Kiroro Ski Resort on the island of Hokkaido, Japan receives on average 21 metres or…
One of the best places for cross-country skiing in the Banff area is the Cascade Fire Road. It’s an easy to moderate out and back ski so it’s a good one for younger families. Many people ski to the Cascade Bridge spanning the Cascade River, approximately 7.4 km from the Lake Minnewanka parking lot. For those that want a longer day, you can continue on track-set trails all the way to the Stoney Creek ranger cabin – a further 8.4 km from the bridge. All told that makes it 15.8 km one way to the ranger cabin. There are no big hills to climb like you’d find on the Skogan Pass trail, but there is definitely some elevation gain as you ski north up the Cascade Valley.
This is a popular trail but the further you go the more likely you are to lose people. Only a small fraction of skiers seem to continue past the bridge. I have always skied the Cascade Fire Road when there’s been a perfect combination of safe driving conditions, blue skies, sunshine and great snow. But if it’s such a day, go early so parking isn’t an issue.
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The Cascade Fire Road is exactly that – a fire road from the Lake Minnewanka parking lot that doubles as a track set cross-country ski trail in the winter. It gets great early season snow and it’s one of the first in the area to be track set, often by sometime in late November.
The Cascade Fire Road goes to a warden’s cabin
The Cascade Fire Road is an easy cross-country ski unless you elect to ski out and back to the warden’s cabin – and that’s 15.8 kilometres up the road one way. Then you’ve got a long day on your hands. I’d say allow 4 – 6 hours if you’re planning to do that.
Otherwise there is only one major hill near the beginning of the trail but it’s gradual and swiftly dispatched. The rest of the trail is either flat or on gently rolling hills.
The trail is skied by both regular cross-country skiers and those on skate skis. There were one heck of a lot of fit bodies that blew by me when I was out.
The Cascade Fire Road from the bridge to Stoney Creek Ranger Cabin
The 8.4 km section of cross-country skiing from the bridge to the cabin is gently rolling and easy skiing – just long. There are a couple of places with nice views along the way, but mostly its kilometre after kilometre of skiing through the trees.
There is an intersection about a half kilometre shy of the cabin. If you go left you can ski down a fairly steep narrow trail and be at the cabin in a few minutes. If you’re not good on narrow descents, continue up the road for about a kilometre. Look for a trail on your left and take it. After about half a kilometre you reach the gates marking the entrance to the cabin area. Carry on and in a few minutes you’ll be there. (Photos below show what that looks like.)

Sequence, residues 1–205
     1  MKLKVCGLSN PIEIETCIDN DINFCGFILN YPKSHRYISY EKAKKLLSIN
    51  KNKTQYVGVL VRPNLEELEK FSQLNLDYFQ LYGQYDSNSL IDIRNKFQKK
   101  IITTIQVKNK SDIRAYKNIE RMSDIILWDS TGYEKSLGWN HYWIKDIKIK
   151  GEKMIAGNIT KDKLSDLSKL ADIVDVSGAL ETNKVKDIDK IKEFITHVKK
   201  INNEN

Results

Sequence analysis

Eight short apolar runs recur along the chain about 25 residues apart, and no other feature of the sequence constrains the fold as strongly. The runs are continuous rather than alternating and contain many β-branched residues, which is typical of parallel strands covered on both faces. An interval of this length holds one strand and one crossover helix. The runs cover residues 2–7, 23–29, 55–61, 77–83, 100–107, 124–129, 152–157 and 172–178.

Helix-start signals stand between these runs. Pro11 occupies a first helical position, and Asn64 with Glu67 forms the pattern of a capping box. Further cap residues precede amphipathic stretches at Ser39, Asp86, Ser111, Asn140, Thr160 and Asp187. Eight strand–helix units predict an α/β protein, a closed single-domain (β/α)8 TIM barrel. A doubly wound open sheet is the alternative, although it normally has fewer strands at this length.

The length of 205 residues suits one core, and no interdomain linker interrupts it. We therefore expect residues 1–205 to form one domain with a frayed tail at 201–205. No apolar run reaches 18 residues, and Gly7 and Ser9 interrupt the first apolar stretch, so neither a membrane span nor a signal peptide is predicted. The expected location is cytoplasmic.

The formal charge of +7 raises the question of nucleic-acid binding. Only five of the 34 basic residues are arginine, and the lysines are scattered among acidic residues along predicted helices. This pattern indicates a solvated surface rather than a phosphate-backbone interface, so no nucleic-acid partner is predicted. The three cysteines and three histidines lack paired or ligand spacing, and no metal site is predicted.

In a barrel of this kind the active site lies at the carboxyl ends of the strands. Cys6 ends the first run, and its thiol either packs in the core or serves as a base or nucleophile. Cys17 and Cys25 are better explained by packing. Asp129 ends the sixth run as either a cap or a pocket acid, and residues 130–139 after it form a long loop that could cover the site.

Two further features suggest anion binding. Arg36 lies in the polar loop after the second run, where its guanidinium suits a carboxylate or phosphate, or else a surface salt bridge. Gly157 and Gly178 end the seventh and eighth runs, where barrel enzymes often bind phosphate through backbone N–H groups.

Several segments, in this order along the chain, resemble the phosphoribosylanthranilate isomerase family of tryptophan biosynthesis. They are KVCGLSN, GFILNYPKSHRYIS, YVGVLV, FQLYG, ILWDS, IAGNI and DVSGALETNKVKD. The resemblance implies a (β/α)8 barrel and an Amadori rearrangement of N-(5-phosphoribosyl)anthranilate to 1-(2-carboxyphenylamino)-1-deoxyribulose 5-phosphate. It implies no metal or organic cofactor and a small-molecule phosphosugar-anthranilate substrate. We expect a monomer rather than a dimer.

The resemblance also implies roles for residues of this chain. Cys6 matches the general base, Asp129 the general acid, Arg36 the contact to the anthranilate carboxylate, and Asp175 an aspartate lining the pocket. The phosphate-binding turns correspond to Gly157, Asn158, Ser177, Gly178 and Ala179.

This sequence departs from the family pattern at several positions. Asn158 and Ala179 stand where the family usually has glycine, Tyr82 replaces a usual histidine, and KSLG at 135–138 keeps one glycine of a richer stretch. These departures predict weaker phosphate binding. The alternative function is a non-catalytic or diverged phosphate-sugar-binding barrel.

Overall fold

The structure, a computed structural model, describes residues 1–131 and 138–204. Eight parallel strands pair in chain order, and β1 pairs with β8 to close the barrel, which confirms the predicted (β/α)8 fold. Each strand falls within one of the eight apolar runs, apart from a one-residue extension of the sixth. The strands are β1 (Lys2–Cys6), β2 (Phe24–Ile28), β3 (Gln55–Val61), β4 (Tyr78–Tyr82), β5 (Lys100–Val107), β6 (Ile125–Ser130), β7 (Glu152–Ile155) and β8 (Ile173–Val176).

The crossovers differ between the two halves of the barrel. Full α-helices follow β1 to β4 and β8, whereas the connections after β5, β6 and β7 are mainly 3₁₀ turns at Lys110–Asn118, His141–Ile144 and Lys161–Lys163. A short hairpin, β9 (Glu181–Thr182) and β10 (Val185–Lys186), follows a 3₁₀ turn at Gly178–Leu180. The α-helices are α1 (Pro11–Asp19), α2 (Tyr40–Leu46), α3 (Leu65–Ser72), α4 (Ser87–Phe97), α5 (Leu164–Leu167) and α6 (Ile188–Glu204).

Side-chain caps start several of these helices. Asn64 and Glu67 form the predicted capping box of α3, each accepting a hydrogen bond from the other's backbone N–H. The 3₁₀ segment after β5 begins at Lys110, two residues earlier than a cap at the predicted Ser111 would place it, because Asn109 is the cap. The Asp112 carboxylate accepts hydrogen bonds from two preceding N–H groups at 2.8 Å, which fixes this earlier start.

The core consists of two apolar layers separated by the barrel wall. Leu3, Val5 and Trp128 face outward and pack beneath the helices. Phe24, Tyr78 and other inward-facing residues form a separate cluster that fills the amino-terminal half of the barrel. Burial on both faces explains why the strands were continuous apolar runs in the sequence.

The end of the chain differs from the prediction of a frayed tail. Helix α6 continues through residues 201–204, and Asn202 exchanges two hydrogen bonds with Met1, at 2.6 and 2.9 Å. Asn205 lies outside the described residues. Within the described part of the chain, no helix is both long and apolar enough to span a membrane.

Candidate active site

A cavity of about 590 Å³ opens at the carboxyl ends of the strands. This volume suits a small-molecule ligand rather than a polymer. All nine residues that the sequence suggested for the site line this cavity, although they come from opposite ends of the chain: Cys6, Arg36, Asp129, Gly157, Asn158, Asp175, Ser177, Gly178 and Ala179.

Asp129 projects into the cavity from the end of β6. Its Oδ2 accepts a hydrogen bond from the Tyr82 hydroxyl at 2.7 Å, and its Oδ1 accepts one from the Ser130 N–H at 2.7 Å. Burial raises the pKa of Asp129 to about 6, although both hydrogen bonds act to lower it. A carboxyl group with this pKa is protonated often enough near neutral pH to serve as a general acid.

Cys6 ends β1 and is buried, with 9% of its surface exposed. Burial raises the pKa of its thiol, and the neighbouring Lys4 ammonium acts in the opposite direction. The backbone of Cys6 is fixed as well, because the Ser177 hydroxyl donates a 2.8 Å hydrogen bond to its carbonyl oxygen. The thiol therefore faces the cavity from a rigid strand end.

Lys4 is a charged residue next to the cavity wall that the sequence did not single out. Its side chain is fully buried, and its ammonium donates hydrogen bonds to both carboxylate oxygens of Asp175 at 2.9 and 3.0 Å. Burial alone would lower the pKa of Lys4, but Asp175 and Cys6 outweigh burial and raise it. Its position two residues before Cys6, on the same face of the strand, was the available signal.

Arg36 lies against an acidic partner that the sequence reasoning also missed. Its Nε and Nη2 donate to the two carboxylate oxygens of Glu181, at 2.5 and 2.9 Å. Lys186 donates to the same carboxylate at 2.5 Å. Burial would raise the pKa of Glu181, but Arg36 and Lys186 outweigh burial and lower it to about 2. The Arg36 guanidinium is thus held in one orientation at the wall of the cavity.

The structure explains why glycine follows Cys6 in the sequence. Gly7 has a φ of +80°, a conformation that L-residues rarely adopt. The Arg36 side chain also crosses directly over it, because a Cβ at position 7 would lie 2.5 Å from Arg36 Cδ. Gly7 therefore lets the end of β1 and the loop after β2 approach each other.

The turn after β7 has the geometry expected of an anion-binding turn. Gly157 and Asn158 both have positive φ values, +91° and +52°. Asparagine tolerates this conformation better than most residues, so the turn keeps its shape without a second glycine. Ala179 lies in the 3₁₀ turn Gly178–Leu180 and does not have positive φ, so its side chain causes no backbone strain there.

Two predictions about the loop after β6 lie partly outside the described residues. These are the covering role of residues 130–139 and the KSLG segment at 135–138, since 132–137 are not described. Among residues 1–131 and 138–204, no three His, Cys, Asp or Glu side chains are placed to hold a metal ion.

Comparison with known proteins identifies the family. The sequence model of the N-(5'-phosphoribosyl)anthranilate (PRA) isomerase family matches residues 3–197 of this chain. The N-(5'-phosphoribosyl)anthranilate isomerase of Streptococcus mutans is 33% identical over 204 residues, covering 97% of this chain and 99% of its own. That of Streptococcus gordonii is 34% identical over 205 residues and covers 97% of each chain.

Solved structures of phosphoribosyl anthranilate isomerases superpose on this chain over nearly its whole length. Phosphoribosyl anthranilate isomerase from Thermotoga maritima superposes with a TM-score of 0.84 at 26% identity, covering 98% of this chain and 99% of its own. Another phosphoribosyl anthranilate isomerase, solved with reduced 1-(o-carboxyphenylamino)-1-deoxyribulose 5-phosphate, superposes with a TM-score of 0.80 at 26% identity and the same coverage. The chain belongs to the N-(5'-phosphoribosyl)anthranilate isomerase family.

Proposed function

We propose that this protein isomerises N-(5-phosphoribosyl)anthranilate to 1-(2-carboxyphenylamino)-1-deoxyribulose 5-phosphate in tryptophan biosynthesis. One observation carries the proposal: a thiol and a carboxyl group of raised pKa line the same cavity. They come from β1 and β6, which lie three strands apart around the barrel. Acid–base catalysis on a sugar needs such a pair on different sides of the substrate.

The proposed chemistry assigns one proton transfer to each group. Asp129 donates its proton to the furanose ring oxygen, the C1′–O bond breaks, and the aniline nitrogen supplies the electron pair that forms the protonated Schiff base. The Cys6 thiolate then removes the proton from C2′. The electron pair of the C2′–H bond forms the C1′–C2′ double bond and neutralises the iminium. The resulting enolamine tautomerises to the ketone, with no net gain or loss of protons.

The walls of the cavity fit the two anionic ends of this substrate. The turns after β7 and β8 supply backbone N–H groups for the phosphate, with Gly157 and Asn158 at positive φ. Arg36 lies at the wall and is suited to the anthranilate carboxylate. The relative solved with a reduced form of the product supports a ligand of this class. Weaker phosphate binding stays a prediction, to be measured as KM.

Someone has thoughtfully put a few logs in a sunny place that are ideal for sitting on at lunch time. There is also a picnic table.
Retrace your steps to return to the parking lot.
What to take cross-country skiing
It was -24 °C on one occasion that I skied this trail. You don’t want to have anything go wrong when it’s like that – especially if you’re skiing to the Stoney Creek Cabin. I’d suggest the following – in addition to the 10 essentials.
- Take a map so you can figure out where you are on the trail.
- Be sure to pack a lightweight emergency blanket.
- Carry a thermos with something hot to drink.
- Pack several toe and hand warmers.
- Take an extra pair of warm socks, mitts and don’t forget a neck warmer.
Look for wildlife on the road up to Lake Minnewanka
On the access road to the trailhead you almost always spot wildlife. The day we visited was no exception. We saw elk and big-horned sheep going in and coming out.
The Cascade Fire Road is a wonderful trail. It offers occasional mountain and meadow views plus easy entrance to the back-country. The trailhead is accessed via the Lake Minnewanka Road. And it’s perfect for an hour or a day – because it’s an out and back ski you can turn around at any time.
Visit the Banff National Park website for more information.
Getting to the Cascade Fire Road trailhead
To reach the Lake Minnewanka Road drive east from Banff under the Trans-Canada Highway. Continue about 10 kilometres up a winding road. I would consider snow tires a necessity.
Parking and skiing are free but you do need a Parks Canada pass to be in Banff National Park. It’s $9.80 per adult though you can buy a family pass good for a year for $136.40 – and that gets you into 27 National Parks and 77 National Historic Sites.
Further reading on winter adventures in Alberta
- Cross Country Skiing in Peter Lougheed Park
- Snowshoeing to the Ink Pots in Banff National Park
- Skiing to Skoki Lodge via Boulder and Deception Passes
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